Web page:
Facebook Inc. (FB), the social- networking website seeking to raise $5 billion in an initial public offering, will pay underwriters a 1.1 percent fee, said two people with knowledge of the company’s plans.
The fee will be shared among Facebook’s underwriters, said the people, who asked not to be named because the details are private. Facebook has hired 31 banks to work on the IPO, including Morgan Stanley as lead underwriter. The lead bank typically earns a bigger cut of the total.
The world’s most popular social network is paying less than half the 2.5 percent median fee on the largest U.S. offerings in history, according to data compiled by Bloomberg. At $5 billion, the IPO would be the biggest on record for an Internet company and may value Facebook (FB) at $75 billion to $100 billion, people familiar with the situation have said.
“Facebook has enormous leverage,” said Dan Veru, who oversees $3.6 billion as chief investment officer at Palisade Capital Management LLC in Fort Lee, New Jersey. “Being an underwriter of an IPO that has so much visibility is like advertising to other companies that are considering using an investment banker. It’s like putting your name in neon lights.”
Facebook is paying about one-fifth the typical rate for IPOs, with underwriters receiving an average of 5.48 percent in 127 offerings last year, Bloomberg data show. With larger IPOs, banks can often afford to take a smaller percentage fee, and high-profile offerings such as Facebook can lead to future business, making securities firms willing to accept less.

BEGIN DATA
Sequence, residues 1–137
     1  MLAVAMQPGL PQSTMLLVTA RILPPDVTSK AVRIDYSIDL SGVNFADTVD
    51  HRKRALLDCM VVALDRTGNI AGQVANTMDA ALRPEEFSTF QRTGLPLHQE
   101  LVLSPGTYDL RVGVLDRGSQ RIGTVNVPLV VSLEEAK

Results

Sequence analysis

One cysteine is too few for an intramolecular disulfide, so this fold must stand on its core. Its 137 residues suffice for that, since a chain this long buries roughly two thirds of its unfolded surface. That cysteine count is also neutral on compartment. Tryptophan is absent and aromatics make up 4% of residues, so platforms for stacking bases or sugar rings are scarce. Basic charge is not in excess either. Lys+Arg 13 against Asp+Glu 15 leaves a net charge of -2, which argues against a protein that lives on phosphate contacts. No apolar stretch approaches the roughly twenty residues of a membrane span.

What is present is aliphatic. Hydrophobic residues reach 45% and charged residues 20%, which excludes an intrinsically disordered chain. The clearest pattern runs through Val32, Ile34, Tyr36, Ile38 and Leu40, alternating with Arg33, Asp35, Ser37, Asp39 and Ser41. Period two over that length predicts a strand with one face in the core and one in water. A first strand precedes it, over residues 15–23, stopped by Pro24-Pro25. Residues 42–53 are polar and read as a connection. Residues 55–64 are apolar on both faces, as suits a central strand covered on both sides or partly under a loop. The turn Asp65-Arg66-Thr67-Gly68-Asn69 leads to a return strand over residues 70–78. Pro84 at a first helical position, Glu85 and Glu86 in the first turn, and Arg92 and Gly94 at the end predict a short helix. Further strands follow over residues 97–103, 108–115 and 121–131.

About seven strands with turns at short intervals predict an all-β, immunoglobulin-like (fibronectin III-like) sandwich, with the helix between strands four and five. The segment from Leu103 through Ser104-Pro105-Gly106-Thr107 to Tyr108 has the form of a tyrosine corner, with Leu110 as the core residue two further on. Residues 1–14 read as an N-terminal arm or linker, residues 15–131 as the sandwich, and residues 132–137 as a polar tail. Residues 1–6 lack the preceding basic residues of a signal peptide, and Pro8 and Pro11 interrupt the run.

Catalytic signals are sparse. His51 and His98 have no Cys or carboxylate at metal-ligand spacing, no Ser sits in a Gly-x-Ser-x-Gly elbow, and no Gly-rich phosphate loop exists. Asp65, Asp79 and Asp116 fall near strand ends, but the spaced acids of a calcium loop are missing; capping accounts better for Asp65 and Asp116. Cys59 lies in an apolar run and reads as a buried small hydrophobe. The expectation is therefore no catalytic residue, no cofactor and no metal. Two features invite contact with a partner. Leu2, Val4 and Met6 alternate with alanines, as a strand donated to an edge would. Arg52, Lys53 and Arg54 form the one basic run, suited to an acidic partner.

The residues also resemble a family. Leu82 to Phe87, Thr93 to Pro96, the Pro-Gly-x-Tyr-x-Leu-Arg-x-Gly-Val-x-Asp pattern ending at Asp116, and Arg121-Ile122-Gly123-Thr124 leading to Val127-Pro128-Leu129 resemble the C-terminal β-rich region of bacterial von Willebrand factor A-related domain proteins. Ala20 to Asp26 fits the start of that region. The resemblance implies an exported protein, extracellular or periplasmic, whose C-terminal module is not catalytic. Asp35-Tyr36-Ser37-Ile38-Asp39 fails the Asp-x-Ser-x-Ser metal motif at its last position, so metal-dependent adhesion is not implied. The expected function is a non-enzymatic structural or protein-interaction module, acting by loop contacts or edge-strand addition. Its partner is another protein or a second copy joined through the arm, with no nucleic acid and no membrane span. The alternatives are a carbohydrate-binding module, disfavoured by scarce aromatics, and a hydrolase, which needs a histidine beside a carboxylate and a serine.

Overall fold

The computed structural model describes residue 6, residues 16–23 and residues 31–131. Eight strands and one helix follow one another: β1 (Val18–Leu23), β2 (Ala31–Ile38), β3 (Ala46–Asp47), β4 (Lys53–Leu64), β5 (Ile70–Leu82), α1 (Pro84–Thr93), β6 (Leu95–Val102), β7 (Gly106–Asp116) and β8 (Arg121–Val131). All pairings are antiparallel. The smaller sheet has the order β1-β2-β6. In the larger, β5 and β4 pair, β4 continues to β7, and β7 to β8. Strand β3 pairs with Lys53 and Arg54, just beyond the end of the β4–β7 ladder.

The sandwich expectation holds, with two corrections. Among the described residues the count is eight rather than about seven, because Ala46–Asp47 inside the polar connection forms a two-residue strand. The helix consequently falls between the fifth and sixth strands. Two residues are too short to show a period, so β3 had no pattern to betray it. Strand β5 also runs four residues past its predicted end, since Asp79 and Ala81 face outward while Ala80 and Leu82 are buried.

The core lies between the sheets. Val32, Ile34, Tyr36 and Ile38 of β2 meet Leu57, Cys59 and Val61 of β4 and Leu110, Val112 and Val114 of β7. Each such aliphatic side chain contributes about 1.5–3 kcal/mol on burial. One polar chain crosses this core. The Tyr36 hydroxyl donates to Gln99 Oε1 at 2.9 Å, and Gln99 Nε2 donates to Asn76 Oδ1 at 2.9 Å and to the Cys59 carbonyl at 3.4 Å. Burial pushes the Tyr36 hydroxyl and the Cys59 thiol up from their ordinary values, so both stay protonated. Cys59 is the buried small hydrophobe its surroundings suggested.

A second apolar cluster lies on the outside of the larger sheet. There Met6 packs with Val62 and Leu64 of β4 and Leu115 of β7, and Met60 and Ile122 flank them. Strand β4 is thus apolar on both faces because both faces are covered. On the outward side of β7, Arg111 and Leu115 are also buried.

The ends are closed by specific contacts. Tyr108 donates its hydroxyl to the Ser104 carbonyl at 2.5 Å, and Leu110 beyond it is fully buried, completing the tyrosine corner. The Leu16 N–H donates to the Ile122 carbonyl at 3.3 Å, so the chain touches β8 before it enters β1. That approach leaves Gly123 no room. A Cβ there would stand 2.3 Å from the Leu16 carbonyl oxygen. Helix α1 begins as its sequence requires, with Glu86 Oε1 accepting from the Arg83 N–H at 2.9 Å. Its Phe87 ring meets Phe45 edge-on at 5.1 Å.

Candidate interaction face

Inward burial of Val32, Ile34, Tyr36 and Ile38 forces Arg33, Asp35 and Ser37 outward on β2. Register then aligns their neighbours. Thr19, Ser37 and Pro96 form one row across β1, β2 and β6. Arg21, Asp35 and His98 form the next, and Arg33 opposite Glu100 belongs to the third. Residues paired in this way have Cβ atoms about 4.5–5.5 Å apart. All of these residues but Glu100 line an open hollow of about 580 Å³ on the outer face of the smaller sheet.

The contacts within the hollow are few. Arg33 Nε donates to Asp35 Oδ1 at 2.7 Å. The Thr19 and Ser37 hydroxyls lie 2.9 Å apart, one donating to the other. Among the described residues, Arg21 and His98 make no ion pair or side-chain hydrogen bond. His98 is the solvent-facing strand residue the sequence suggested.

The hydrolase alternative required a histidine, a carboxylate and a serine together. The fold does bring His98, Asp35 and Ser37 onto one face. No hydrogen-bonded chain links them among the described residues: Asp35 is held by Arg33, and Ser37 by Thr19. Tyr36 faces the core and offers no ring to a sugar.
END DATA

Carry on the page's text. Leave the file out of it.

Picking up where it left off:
Among U.S. IPOs larger than $5 billion, only General Motors Co. has paid a lower fee than Facebook on a percentage basis. The automaker’s $18.1 billion U.S. government-led IPO in 2010 paid bankers a fee of 0.75 percent. Visa Inc.’s $19.7 billion IPO, the largest in history, included a 2.8 percent fee for underwriters, Bloomberg data show.
At a fee rate of 1.1 percent, a $5 billion offering would generate $55 million for Facebook’s banks. Jonathan Thaw, a spokesman for Facebook, declined to comment.
The banks Facebook named last month to handle the deal included Morgan Stanley, JPMorgan Chase & Co., Goldman Sachs Group Inc., Bank of America Corp., Barclays Plc and Allen & Co. This month, Facebook expanded the list to include Deutsche Bank AG, Credit Suisse Group AG and Citigroup Inc. Smaller banks were added as well, such as M.R. Beal & Co., Muriel Siebert & Co. and William Blair & Co.
Banks including Morgan Stanley, JPMorgan, Goldman Sachs, Bank of America and Barclays also arranged an $8 billion financing package for Facebook, the company said in a filing earlier this month.
The role Mark Zuckerberg will play in marketing the offering hasn’t been determined, said a person with knowledge of the matter. Executives told attendees to keep their expectations for his role low, said the person, who asked not be identified as the matter is private. The company’s 27-year-old co-founder and chief executive officer didn’t attend a meeting yesterday that served as a precursor to the IPO’s so-called roadshow, this person said.
That left Sheryl Sandberg, Facebook’s operating chief, and David Ebersman, the chief financial officer, to answer questions from analysts and bankers. The company, which held the event at its headquarters in Menlo Park, California, will probably have another meeting with analysts next month, the person said.
The company also hasn’t decided yet whether it will offer financial guidance to analysts, according to the person. At the event, executives emphasized that the company is focused on the long term and well positioned for growth, the person said.
The Wall Street Journal previously reported on Zuckerberg missing the analyst meeting. Executives at the event said he would be focused more on developing Facebook’s service, the Journal reported.